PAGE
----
After that, it was all Arsenal.  The Gunners ended up scoring right after half and took 33 shots in the game, with 15 of them on goal.  It was as if there were a garage door covering the net, at least in the form of United keeper David DeGea, who played an outstanding match, so much so that his coach told him after the game that he is the best keeper in the world (he is certainly atop the conversation; experts will argue and win that Bayern Munich keeper Manuel Neuer is the best keeper in the world, with DeGea and Juve's Gianluigi Buffon right behind).  DeGea was here, there and everywhere, making save after save and in the process tying a modern Premiership record for saves in a contest.  You would expect that a besieged keeper on a team staving off relegation would hold that record, not someone from the elite 6 teams in the league. 

Was this Mourinho's strategy?  To pressure Arsenal early, get his scores and the park the bus?  If so, it was brilliant, but it's hard to say whether that was the strategy or not.  True, Mourinho gets accused of parking the bus after getting a lead, but if United parked the bus this time, it was not near the croquet club and its senior citizen's tea but in a lot on the wrong side of town where people have the ability to break in and steal the bus.  Because that's precisely what happened.  Arsenal clawed and kicked and stomped near the goal, with DeGea's signature save being sticking out a foot to thwart a follow-on shot by Alexis Sanchez that would have tied the match at two and surely put the momentum squarely in Arsenal's favor.  That foot told Arsenal simply, "not today."  Yet the Gunners kept on coming, but it was shortly after that amazing save that United went on a counterattack and went up 3-1.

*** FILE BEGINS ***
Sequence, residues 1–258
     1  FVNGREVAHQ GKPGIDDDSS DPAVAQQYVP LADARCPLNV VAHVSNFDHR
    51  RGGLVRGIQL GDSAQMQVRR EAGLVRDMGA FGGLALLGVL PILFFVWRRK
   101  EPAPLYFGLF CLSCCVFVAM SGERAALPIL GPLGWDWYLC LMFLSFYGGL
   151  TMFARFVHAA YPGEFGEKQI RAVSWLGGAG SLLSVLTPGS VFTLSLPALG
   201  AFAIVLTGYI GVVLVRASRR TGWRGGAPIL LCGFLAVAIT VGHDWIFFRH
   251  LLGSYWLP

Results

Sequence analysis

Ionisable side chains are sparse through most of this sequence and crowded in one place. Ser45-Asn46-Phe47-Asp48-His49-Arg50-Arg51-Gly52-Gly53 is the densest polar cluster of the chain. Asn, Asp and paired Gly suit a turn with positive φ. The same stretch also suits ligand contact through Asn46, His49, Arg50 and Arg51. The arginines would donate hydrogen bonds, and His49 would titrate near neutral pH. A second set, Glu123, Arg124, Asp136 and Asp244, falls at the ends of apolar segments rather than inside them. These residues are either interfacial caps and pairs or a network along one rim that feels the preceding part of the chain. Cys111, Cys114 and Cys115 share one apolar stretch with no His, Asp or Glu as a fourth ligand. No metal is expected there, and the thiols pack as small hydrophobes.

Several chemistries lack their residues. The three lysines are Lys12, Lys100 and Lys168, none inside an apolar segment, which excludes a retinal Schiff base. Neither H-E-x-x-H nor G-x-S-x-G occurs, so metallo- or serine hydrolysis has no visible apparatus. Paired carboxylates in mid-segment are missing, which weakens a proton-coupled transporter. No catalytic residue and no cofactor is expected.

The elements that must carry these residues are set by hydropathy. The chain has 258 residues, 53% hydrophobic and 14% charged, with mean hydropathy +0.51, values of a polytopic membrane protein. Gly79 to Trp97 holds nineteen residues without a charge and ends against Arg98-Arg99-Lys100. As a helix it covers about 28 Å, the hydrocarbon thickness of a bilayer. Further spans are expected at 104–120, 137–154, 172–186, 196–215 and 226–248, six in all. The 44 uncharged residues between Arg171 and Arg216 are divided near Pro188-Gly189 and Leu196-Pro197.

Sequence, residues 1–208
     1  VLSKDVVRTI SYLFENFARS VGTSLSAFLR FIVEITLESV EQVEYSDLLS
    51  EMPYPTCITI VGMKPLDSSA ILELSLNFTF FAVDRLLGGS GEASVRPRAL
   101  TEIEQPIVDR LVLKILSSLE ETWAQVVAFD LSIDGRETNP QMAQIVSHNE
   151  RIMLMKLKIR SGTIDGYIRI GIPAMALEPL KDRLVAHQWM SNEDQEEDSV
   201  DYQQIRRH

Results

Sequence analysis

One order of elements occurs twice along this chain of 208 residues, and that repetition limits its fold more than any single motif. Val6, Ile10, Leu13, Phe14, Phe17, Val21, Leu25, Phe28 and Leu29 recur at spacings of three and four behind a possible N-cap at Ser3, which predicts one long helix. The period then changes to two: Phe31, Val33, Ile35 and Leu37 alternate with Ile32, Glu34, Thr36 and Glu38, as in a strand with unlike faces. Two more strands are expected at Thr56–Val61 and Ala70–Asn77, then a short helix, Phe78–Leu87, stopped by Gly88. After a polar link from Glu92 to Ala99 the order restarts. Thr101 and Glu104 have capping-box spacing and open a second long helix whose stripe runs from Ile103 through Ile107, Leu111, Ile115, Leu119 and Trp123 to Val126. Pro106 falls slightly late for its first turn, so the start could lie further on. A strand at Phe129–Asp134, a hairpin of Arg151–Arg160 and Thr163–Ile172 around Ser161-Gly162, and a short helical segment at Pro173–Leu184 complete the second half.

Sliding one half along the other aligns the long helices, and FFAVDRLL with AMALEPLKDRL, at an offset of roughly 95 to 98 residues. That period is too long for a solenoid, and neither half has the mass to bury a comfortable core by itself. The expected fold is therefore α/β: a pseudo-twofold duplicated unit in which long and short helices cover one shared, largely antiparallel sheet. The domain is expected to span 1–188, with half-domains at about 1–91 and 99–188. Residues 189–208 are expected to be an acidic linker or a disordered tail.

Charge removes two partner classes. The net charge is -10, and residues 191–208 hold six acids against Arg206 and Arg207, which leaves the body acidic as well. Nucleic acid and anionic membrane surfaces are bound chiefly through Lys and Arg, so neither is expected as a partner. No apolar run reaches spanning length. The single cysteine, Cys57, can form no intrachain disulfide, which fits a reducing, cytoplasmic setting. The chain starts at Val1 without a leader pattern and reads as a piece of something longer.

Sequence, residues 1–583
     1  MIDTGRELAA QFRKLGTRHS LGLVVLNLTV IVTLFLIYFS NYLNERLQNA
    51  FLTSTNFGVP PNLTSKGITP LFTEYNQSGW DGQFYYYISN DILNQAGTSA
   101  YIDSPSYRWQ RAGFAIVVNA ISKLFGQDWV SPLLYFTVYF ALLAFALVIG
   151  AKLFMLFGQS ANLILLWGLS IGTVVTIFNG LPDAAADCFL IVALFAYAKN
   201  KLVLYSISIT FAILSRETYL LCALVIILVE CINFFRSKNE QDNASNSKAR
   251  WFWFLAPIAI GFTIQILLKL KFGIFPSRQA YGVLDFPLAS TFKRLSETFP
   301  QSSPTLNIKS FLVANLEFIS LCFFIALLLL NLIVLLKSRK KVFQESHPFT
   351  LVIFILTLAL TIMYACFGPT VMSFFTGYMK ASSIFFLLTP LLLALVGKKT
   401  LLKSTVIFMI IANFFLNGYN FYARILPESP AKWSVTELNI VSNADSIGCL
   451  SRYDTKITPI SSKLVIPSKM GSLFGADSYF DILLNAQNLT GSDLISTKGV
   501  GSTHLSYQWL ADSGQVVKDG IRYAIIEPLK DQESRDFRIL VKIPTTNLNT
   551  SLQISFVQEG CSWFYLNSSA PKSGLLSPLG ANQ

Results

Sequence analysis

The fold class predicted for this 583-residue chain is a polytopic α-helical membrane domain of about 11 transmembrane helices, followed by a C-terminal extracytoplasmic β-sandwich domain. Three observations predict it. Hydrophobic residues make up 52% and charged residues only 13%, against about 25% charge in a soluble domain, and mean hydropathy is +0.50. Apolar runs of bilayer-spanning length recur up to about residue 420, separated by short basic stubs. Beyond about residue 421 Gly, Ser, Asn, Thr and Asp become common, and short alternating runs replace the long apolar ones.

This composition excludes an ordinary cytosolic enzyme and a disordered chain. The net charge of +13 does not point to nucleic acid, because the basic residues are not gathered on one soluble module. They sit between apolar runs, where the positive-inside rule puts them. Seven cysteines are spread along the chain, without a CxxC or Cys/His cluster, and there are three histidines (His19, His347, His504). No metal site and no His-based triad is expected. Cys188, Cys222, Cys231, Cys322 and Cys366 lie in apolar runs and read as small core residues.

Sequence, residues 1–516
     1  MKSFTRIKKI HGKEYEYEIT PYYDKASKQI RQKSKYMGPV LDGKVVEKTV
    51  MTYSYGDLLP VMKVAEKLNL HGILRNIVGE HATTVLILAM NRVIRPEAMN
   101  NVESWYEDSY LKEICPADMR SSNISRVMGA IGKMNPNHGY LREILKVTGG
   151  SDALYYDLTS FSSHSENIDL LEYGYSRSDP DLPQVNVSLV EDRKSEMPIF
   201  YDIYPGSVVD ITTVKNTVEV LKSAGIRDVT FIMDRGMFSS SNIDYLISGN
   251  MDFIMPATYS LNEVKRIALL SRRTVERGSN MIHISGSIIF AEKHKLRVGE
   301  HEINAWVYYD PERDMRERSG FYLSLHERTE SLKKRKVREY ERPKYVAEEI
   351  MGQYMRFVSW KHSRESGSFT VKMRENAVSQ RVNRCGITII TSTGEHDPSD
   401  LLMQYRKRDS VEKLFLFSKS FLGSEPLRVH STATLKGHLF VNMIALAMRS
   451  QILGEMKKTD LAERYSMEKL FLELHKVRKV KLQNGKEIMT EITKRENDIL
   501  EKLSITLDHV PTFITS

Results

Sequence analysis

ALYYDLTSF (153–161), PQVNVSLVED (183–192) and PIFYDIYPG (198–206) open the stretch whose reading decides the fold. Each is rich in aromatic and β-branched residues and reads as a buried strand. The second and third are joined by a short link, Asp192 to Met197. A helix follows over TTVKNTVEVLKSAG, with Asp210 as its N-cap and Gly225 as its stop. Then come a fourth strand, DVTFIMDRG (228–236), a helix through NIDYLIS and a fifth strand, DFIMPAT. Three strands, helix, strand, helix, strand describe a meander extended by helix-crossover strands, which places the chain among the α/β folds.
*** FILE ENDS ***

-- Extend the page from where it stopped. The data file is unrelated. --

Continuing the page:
You would have figured the game was over then, around the 77th minute or so, but then United start center midfielder Paul Pogba got sent off on a straight red and the Gunners' continued to threated.  The real disappointment for Arsenal, other than failing to score, was a missed call of a penalty inside the United box at the 85th minute.  Referee Andre Mariner didn't see the play as a penalty; all the commentators did.  Had Mariner called the infraction and Sanchez converted the free kick, the game would have been tied at 2-2 with a compelling five minutes to go and an added five minutes of stoppage time.  As it was, Arsenal kept pouring it on, but to no avail.

The commentators offered that it was the game of the season in the EPL, and there is no debating that here.  It's a shame for Arsenal, who was on enough of a roll that a win versus United might have suggested there is more to this team than winning a few only to lose a big one that reminds its fans of the talent gap between it and the elite teams.  And now it looks as though they might lose Alexis Sanchez, the engine of the team, either mid-season or on a free transfer after it, and that would be a devastating loss.  They also might lose center attacking midfielder Mesut Ozil, who is unparalleled when his game is on but who disappears too often to be considered among the top ten at his position in the world and command a commensurate salary.  Ozil might need a chance of scenery, but the Gunners need Sanchez to stay for a while.  If both were to leave, Arsenal is in a rebuilding mode.

But not to detract from the match -- it was compelling, it was fervent, it was action-packed, and if you told Arsenal fans before it that their team would have 15 shots on goal and control possession 75% of the time, they would have signed up for those stats.  They weren't, however, enough for their team to win the match. 

Odd, delightful, compelling match it was, with DeGea's performance one that will help define his career and delight Spanish fans as to their possibilities in the World Cup.